A new homogeneous catalyst enables the safe and direct synthesis of hydrogen peroxide
Hydrogen peroxide is a ubiquitous chemical found in most homes and used in everything from dying hair to treating wounds. It is also an invaluable agent for many industries from food, textiles, and even in semiconductor production.
Reporting in JACS, researchers at Kyushu University have developed a new process to synthesize this chemical utilizing a new homogeneous catalyst inspired by nature. Moreover, the process is significantly safer than conventional methods.
Scientists have been reporting the synthesis of hydrogen peroxide for more than two hundred years. Today’s industry standard is a method known as the ‘anthraquinone method,’ a stepwise and indirect process that dates back to World War II. However, while hydrogen peroxide—or H2O2—itself is relatively harmless, its production sometimes is not.
“Current synthesis methods are wasteful. This is a result of the high flammability of the hydrogen and oxygen mixtures and the requirement of varying materials,” explains Professor Seiji Ogo from Kyushu University’s Faculty of Engineering, who authored the study.
Ogo and his team have been seeking a greener approach for H2O2 production, looking to nature for inspiration. They focused particularly on a set of enzymes called ‘hydrogenases.’ These are enzymes found in extremophile microorganisms—organisms that live in extremely hostile environments, like the very bottom of the ocean.
Another location of extremophile activity is the hot springs of Japan. This is where Ogo and colleagues found hydrogenase S-77. Hydrogenases show promising properties for the transfer of electrons from hydrogen to oxygen molecules, a key event for the synthesis of hydrogen peroxide.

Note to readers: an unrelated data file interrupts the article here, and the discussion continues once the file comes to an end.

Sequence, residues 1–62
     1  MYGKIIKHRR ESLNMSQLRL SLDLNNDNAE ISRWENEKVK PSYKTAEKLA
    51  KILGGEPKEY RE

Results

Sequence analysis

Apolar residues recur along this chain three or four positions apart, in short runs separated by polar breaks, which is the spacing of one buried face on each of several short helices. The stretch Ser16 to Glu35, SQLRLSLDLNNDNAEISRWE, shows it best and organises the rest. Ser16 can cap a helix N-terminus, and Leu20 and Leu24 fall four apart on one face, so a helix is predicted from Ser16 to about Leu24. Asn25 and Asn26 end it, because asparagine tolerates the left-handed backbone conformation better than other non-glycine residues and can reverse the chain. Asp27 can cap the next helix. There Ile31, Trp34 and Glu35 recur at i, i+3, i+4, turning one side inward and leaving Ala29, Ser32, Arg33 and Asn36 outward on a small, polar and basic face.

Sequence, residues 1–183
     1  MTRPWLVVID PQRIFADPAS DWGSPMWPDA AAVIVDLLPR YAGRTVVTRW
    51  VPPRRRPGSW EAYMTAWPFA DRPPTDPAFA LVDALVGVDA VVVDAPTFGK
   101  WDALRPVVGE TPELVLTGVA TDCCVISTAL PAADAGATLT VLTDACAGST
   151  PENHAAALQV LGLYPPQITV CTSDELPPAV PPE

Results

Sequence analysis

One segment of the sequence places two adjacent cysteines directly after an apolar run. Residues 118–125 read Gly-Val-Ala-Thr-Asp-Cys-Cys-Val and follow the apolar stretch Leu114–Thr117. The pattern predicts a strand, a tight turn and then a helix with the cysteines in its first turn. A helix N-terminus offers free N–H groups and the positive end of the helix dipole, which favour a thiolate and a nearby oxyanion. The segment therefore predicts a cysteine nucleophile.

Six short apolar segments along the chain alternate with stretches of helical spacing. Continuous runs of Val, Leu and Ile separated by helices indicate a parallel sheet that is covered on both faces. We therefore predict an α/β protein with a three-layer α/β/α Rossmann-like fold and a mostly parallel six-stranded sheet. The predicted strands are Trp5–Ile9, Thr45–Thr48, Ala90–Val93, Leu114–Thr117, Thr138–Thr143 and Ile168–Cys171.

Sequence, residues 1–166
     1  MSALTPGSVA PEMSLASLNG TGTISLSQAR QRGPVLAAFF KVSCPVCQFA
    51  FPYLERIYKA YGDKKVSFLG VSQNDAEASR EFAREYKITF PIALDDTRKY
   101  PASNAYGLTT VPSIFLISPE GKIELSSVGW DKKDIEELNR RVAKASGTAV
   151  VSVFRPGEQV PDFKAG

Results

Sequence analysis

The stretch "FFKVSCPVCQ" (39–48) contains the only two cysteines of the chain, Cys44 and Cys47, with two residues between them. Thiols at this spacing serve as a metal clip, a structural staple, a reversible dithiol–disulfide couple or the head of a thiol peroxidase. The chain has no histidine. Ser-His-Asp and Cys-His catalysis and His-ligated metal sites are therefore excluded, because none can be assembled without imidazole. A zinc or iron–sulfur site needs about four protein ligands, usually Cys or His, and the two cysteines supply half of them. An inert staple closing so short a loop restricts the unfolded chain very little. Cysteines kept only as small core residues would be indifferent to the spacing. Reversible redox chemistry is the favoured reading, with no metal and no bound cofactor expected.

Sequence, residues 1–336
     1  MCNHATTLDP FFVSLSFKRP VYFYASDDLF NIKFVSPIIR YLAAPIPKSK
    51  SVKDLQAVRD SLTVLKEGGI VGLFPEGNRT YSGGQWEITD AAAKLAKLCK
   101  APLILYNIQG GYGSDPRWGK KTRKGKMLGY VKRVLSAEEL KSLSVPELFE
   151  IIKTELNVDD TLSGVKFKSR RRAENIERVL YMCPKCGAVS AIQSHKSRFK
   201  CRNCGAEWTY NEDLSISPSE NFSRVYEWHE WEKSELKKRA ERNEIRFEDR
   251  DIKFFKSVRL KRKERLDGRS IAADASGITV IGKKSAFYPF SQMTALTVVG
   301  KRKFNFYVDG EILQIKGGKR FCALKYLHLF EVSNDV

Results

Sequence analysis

“Hydrogenase S-77 was the source of inspiration for previous work in my lab, where we constructed a rhodium-based homogeneous catalyst,” explains Ogo. “The catalyst worked by facilitating the withdrawal of electrons from hydrogen molecules and then donating them to oxygen molecules. However, it gave a poor yield.”
In their new study, the catalyst was improved by incorporating a N-heterocyclic carbene ligand for the reduction stage, which led to a turnover number—a reflection of the efficiency of the reaction—more than 250 times higher that of the previous catalyst, and one of the highest ever reported for a homogeneous catalyst.
Further, unlike the conventional anthraquinone method, the new homogeneous catalyst requires only one step and no separation of hydrogen and oxygen gas from the reaction flask. Therefore, with more development, the new catalyst could lead to a process that demands less material and lower costs at industrial levels.
“The new process is an ideal reaction for hydrogen peroxide synthesis because it involves a safe reaction mixture, reaction in one vessel, and direct synthesis using only hydrogen and oxygen,” concludes Ogo. “Companies are always seeking ways to lower production costs. Our catalyst may be an important resource for many industries.”
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